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I am trying to set up an LCD screen without using a resistor or a potentiometer for an Arduino project. This is the LCD I am using: Basic 20x4 Character LCD.

But when I connect to +5V on the Arduino board, my Arduino board turns off. This is how I have the LCD connected to the Arduino on a breadboard.

enter image description here

Connections:

LCD RS pin to digital pin 12

LCD Enable pin to digital pin 11

Data:

• LCD D4 pin to digital pin 5

• LCD D5 pin to digital pin 4

• LCD D6 pin to digital pin 3

• LCD D7 pin to digital pin 2

LCD R/W pin to ground

LCD VSS pin to ground

LCD Cathode pin to ground

LCD Anode pin to digital pin 9

LCD VCC pin to 5V

Code:

// include the library code:
include <LiquidCrystal.h>
// initialize the library with the numbers of the interface pins
LiquidCrystal lcd(12, 11, 5, 4, 3, 2);

void setup() {
  analogWrite(6,20);
  // set up the LCD's number of columns and rows:
  lcd.begin(20, 4);
  // Print a message to the LCD.
  lcd.print("hello, world!");
}

void loop() {
  // set the cursor to column 0, line 1
  // (note: line 1 is the second row, since counting begins with 0):
  lcd.setCursor(0, 1);
  // print the number of seconds since reset:
  lcd.print(millis() / 1000);
}
  • Anode pin always connects with 5V... See my answer diagram. It will helpful. – Hasan Mar 31 '17 at 6:34
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Try out this connection. It will helpful.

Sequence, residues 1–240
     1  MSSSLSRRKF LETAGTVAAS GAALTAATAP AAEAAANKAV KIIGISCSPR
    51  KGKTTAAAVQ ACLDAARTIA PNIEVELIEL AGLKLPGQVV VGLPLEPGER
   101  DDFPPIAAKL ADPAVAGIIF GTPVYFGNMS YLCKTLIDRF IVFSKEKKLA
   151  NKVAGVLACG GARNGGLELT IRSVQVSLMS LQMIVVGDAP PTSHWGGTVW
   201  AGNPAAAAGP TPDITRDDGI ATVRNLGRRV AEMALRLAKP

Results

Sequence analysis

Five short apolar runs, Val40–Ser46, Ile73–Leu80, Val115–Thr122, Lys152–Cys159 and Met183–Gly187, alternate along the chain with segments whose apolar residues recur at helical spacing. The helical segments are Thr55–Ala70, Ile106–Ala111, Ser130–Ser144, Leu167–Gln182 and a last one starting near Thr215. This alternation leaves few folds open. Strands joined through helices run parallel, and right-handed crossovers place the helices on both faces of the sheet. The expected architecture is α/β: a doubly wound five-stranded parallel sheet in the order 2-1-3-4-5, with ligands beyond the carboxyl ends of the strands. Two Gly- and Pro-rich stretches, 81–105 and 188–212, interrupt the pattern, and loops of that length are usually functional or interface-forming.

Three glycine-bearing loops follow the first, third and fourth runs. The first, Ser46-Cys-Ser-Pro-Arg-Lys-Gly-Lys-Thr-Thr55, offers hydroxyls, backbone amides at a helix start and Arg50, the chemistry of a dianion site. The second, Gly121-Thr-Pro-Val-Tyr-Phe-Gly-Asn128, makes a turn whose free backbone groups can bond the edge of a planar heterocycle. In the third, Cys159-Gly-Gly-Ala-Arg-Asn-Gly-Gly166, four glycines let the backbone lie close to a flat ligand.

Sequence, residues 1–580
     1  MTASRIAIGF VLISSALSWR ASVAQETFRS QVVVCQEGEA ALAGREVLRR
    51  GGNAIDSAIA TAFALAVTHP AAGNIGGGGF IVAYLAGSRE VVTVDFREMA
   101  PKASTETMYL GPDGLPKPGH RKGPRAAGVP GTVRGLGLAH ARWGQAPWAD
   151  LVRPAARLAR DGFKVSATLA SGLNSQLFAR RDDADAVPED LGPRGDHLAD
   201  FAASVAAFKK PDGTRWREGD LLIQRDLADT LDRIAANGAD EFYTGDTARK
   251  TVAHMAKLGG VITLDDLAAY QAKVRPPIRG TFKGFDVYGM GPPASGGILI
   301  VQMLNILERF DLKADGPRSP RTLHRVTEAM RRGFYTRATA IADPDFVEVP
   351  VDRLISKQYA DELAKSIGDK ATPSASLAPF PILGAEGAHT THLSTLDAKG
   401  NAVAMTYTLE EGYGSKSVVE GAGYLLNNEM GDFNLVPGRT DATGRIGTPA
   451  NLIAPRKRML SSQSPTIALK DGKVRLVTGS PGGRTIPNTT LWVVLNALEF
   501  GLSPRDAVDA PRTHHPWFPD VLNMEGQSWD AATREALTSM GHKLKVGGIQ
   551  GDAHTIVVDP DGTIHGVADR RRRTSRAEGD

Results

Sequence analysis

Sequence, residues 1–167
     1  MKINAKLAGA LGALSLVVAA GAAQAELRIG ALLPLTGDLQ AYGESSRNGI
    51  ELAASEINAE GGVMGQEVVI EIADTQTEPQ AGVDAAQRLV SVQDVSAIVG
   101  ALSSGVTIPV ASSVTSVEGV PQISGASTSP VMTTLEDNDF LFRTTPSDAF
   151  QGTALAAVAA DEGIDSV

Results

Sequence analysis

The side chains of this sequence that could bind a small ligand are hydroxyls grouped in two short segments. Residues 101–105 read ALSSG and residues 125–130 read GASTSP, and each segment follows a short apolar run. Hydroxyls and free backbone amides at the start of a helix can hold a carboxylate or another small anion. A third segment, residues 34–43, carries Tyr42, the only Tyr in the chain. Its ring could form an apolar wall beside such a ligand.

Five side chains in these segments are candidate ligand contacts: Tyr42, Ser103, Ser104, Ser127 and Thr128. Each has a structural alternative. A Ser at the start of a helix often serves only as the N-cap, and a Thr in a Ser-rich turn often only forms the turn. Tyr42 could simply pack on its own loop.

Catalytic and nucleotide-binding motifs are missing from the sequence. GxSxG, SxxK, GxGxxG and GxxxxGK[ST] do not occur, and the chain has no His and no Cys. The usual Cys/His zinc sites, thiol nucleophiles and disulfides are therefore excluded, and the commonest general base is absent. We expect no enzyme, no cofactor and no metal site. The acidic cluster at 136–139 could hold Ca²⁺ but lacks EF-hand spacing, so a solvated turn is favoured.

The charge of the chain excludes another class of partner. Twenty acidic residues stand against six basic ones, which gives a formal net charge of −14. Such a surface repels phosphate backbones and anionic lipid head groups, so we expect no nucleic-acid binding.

LCD Connection

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Looking at your picture, it seems that you're powering everything through a USB cable. USB 1.x and 2.0 can supply up to to 500 mA AFTER the port is enumerated, otherwise the current is limited to 100 mA.

A quick current consumption budget:

  • LED backlight of your LCD module: typ 240 mA
  • Arduino Mega2560: min 70 mA
  • MIDI shield: some 15-35 mA

That's just 325-350 mA to begin with, and probably higher than that. It's still safely within the 500 mA limit, but as I said some computers will provide 500 mA only after successful enumeration of the device connected to the USB port.

My recommendation for you would be to power your Arduino + MIDI shield + LCD through a wall adapter > 7V. If it works, then the problem is your USB port being unable to supply the required current right from the start.

  • Alright ill try that out. it my not be visible but i also have an Mp3 shield between the Midi shield and arduino – Hjhk90 Mar 31 '17 at 19:08
  • Well, that will add some current consumption as well. You might be already above 500 mA! Under that load, the USB port of the computer shuts himself off for protection. – Enric Blanco Mar 31 '17 at 19:11
  • i think i found the issue one of the pins on the LCD might have been causing a short when i connected to 5v pin .i fixed it and it seems to be working. i did this with the shields on the arduino removed. i will add them back on and see if it works. if it dose not i know the issue is related to the power consumption of the USB. thanks for your help – Hjhk90 Mar 31 '17 at 21:42

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